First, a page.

I think it’s Hamilton’s influence; not the Founder, but the musical Hamilton. In fact, I’m listening to the original Broadway cast hip-hop recording at the moment.
But what brought that to mind was a further escalation in the ES (elephant seal) combat I discussed yesterday. In today’s EO Tax Journal Bruce Hopkins, of the Bruce R. Hopkins Law Firm in St. Louis, Missouri, responds to Marv Friedlander’s objection to the thesis of his new book challenging the IRS’s authority to require governance questions on the annual Form 990 report most tax-exempt organizations must file.
Hopkins writes that he was “stunned” to read Friedlander’s comments. He first points to California Independent System Operation Corp. v. FERC, 372 F.3d 395 (D.C. Cir. 2004). At ¶ 26, the D.C. Circuit wrote:
Every state has statutes affecting corporate governance. Presumably the members of the federal and state commissions charged with securities and corporate regulation are chosen with an eye to their expertise in matters corporate. Certainly the legislative bodies have given them powers with a view to that subject matter. The same cannot be said of the legislative empowerment of FERC, nor presumably are its members chosen principally for their expertise in corporate structure.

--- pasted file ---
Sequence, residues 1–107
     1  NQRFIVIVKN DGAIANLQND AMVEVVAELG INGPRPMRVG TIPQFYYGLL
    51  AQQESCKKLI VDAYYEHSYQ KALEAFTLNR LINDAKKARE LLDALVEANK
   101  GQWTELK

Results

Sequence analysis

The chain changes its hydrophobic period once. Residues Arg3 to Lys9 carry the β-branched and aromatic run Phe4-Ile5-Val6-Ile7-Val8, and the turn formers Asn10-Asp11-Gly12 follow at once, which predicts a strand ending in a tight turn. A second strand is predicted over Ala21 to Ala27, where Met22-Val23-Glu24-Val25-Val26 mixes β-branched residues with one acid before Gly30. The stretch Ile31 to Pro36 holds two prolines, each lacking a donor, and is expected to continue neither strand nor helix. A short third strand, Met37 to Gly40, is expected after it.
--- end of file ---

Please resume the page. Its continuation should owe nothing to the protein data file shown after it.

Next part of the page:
Hopkins obviously believes the same is true of the IRS, even its Exempt Organizations Division.
But even more, Hopkins begins to sing: “Marv seems to advocate turning the book into a musical! How did he know? (This leaking in Washington has got to stop.) This revelation has forced me to send you the text of the opening number in the screenplay being drafted.”
Um, Hamilton it is not. Nor is it even apparently a “screenplay.” It is, however, Hopkins succinctly stating his case:
The IRS says that a poorly governed entity will violate the tax law and otherwise become unruly. For many decades, nonprofit governance was the singular province and concern of the states. Their corporation, trust registration, and charitable solicitation acts ruled nonprofits’ fates. Then, without warning, the IRS struck, announcing it was regulating governance in 2007.
The nonprofit community was aghast; only its lawyers were secretly in regulatory heaven. The IRS pushed its regulation agenda, with tax exemption for public charities on the line. It began dictating policies, dealing with conflicts of interest, whistle-blowing, avoidance of crime. Also document retention, expense reimbursement, joint venturing, gift acceptance, investing. It got to the point that nearly everything a charity did had to be in a policy, rigidly vesting.
The agency revamped the annual information return, asking over 30 governance questions. It drafted good governance policies, many so ridiculous they were abandoned and shunned. The worst part was the IRS ruling policy, wrongly predicated on the private benefit doctrine.
The view of the IRS became this: small boards and related boards are universally forbidden. No matter that state law permits one-individual boards; the IRS summarily preempted that. If the entity has a small board, maybe as “small” as five or seven, it can stick exemption in its hat. The IRS hates boards consisting of related parties, such as brother, sister, son, daughter, father, or mother. It despises nonprofit boards comprised of individuals who are married, particularly to each other.
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